Priced like a Lexus, and with customer service promised to be as good as Toyota’s up-market line too, its Mirai fuel cell sedan will be priced when launched next year from $57,500 with fuel included for initial buyers.

Lease prices for the car loosely likened to a next Prius will be $499 per month for 36 months and Toyota will launch to fleet and retail customers with sales limited to fewer than 200 vehicle fourth quarter 2015 to 3,000 units by end of 2017.

The car will offer a 0-60 time of 9 seconds, top speed of 111 mph, and front-wheel drive power of 155 horsepower. Fuel will not be charged for as authorities have not set a metering price for it as of yet. This same policy has been in place for the Honda FCX Clarity and now Hyundai Tucson FCV.

Initial Mirai roll-out is in California, but northeast states will follow a “hydrogen highway” corridor in the Boston and New York regions, surrounding states, as well as potentially other places where early adopters are primed, and infrastructure is ready.

These details and more were revealed today by Toyota’s Bill Fay, group vice president, general manager, although no observation was made that Toyota’s foray into “the future” is priced just $100 less than the initially promised entry level Tesla Model S.

Tesla originally planned a 40-kwh Model S from $57,400 and the $57,500 for Toyota’s car promises potentially more subsidies – as much as $13,000. Toyota announced that and printed the potential $45,000 net dollar amount, but did not note that the expiration date for federal FCV subsidies expires end of this year.

In response to a journalist who brought this up, Toyota said it is expecting or hoping that the present federal subsides will be extended alongside existing state subsidies to take the full $13,000 bite out of the fuel cell vehicle to be launch second half of 2015.

Its likening to Tesla is otherwise minimal – as the styling of Tesla’s large car is sleek and it’s quicker – and Toyota is expecting an ongoing discussion, having heard vigorous criticism from battery electric car advocates.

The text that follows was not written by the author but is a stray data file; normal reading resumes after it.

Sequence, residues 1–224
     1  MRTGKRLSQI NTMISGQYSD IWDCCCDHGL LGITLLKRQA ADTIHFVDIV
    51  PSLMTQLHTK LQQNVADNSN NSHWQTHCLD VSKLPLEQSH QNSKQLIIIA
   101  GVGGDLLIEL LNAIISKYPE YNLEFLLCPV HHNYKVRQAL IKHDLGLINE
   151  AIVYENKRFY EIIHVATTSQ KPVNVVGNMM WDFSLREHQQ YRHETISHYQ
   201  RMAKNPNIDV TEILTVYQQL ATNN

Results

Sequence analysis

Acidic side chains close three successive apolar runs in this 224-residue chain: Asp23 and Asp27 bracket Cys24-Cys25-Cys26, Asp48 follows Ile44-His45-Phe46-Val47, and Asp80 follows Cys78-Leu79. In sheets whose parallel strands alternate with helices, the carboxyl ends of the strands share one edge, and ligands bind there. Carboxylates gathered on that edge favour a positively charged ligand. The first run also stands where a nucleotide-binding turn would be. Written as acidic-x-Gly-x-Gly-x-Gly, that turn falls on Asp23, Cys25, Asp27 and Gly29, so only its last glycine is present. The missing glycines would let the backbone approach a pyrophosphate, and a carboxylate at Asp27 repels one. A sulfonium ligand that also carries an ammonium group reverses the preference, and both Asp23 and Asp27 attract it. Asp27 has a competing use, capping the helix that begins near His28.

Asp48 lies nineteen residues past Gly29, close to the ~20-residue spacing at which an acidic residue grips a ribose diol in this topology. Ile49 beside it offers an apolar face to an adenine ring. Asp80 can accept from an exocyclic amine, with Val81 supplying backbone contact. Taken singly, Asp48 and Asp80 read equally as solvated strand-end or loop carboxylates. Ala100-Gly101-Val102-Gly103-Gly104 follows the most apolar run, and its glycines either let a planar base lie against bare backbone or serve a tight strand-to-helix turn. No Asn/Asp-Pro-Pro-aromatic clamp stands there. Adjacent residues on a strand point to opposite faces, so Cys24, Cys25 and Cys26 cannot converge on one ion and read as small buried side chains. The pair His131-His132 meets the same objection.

The automaker however says it is taking a long view with renewable-sourced hydrogen comprising a third of that consumed gas also sourced from natural gas.

And, for all the debate already, it aims to open a dialogue over the coming year and possibly beyond as needed, while funding some much-needed infrastructure too.

The bottom line is it will not only be a question of the infinitesimal details of the FCV vs. BEV science debate, says Toyota.

“In many ways, our first customers’ experience is more important than the vehicle itself,” said Fay. “We know the vehicle will not disappoint – we’ve taken 20 years to make sure that’s not the case!”

‘Luxury Ownership Experience’

Fay then outlined the overview of Toyota’s marketing plan for the car which will be launched within months first in Japan, and then in Europe and the U.S.

The automaker will essentially apply lessons learned since the launch of the Prius – first in 1997 in Japan, and 2000 in the U.S. – with lessons also learned from its super-customer-service oriented Lexus division.

A “360 customer service ownership experience” includes a specialized, trained and dedicated dealer network and “world class” ownership experience.

Reports went out by media today with the jazzy idea that this will be the “next Prius” but while that hybrid is a model of starting modestly and watching sales blossom, the Mirai could more aptly be called a halo product with the corporate badge given Lexus treatment.